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Good type design can stand on it's own by using well chosen fonts in an interesting, creative way. This tutorial will give you some basic guidelines as well as professional tips. I'll also give lots of graphic design examples including a walkthrough on how I created the ad below for my new website.

Step 1:

Step 2: The One That Didn't Get Picked

This was the ad I though I would use to announce my new site, so you'll see it's progression in the following steps. All part of the process! Now, on to the tips.

Step 3: Terrific Type Tip 1

Step 4: Going Big

I started by typing my words into a text box using the default font. Then I scrolled through my fonts until I found the perfect one:

Brush Serif - Collin from Creative Market

https://creativemarket.com/edjbrown/16445-Brush-Se...

All type styles are a little (or a lot) different in size at any given point size and will need adjustment. Play around until you like the look. And remember, changes are inevitable so don't aim for perfection quite yet.

Step 5: Terrific Type Tip 2

Step 6: Using Scale

WHERE TO was stretched using horizontal scaling to nestle nicely between the "i" and the "d". The font used was good old, basic arial black.

Step 7: Terrific Type Tip 3

Step 8: Kerning My Type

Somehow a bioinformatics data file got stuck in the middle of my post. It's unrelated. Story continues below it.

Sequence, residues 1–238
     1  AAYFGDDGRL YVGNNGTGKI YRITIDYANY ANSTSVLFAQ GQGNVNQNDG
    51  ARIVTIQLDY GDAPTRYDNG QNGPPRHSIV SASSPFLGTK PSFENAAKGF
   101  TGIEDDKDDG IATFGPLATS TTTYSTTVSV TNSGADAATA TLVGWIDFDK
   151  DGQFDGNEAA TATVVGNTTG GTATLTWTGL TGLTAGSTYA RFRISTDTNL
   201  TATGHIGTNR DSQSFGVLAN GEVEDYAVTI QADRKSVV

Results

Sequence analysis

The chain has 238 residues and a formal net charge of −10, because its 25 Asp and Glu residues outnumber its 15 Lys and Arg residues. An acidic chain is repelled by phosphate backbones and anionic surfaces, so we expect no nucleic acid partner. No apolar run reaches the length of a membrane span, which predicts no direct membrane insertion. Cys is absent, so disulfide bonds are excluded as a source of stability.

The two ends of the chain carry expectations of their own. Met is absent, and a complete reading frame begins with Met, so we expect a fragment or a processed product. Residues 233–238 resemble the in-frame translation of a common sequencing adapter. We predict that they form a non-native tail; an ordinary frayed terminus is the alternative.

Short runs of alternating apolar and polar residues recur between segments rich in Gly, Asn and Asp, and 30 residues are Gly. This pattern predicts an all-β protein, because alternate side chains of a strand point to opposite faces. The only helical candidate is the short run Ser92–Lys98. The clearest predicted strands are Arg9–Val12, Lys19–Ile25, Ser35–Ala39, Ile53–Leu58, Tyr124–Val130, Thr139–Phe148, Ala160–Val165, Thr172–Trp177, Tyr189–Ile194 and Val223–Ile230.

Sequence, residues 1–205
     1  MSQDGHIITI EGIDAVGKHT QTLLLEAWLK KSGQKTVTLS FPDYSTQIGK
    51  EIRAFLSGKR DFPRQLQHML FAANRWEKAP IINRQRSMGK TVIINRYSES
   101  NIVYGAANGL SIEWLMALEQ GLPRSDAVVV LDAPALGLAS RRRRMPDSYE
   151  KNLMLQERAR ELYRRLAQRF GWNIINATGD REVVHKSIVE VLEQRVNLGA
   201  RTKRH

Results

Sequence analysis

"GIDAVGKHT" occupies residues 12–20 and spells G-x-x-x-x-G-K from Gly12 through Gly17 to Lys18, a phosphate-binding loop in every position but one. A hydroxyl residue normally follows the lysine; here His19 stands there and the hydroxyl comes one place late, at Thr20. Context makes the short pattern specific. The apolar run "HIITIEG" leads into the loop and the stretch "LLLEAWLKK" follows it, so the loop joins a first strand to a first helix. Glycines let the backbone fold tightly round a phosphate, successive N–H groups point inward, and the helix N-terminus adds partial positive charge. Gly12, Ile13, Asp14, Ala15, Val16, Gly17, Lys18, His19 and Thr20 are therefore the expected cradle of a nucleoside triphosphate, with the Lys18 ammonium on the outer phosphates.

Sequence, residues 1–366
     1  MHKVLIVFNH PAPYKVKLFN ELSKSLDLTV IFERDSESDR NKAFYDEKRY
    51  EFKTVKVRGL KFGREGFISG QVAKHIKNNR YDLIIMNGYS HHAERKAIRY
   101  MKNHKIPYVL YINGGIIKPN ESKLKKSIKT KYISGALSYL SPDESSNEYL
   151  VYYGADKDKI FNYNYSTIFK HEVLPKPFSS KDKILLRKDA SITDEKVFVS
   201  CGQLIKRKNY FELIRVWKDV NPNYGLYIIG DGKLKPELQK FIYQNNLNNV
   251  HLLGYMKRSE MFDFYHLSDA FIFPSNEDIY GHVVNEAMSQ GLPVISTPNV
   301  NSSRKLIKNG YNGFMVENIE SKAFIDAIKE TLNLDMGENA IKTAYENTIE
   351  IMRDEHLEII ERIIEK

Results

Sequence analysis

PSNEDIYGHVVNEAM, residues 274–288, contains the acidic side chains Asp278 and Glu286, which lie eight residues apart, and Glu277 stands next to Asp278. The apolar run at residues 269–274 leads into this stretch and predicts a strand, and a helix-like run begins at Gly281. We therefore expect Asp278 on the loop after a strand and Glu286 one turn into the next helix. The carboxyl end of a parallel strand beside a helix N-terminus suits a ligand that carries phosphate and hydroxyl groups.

"and all my art stuff" was condensed using a combination of horizontal scale and tightening the spaces between letters.

Adjusting the spaces between letters is called kerning.

Step 9: Terrific Type Tip 4

Step 10: Terrific Type Tip 5

Step 11:

At this point in my design, I used three fonts. Personally, I have no rule about the number of typefaces in a design, as long as it looks good. Or at least looks right for what you're doing.

Step 12: Terrific Type Tip 6

Step 13: Terrific Type Tip 7

Step 14:

I added subtle color (purple) to "WHERE TO" and "art" to make them stand out a little. I colored my new web address red because I want it to stand out a lot. The new website address is the whole point of this little ad, after all.

Step 15: Terrific Type Tip 8

Step 16:

Here I used two lines of very small text in place of a border. If they are not read, that's okay. If they are read, well, thanks.

Step 17: Terrific Type Tip 9

Step 20: The Winning Layout

This is the layout I ultimately chose, though it still needed some work.

Step 21:

Well, maybe I'll use this for something else, or as a additional ad. Or maybe not.

Step 22: Terrific Type Tip 10

Tweak, tweak, tweak to perfection.

Now is the time to make sure you like the kerning between all the letters. Adjust in tiny increments if necessary to get the spacing just right. Since this is a type-only layout, it's very important to treat each pair of letters like a small design.

Adjust the space between lines by moving text boxes or changing the leading (space between lines).

Check your layout on a few different devices to see if there are any major problems with the color. Change the colors with your color sliders if they need adjustment. (I added 3% more red to my purple because it was looking too blue on some screens.)

When your type looks perfect - or you can't see anymore - you're done! Be proud and publish your design. Send me what you've made - I want to see too!

I hope this instructable is helpful in your design projects. If you enjoyed it and find it useful, please remember to vote.

And check out my new website, if you have a minute : )

RhondaChaseDesign.com

Gut

About This Instructable

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Bio: Geeky artist with too many pets. Details & blog at: rhondachasedesign.com
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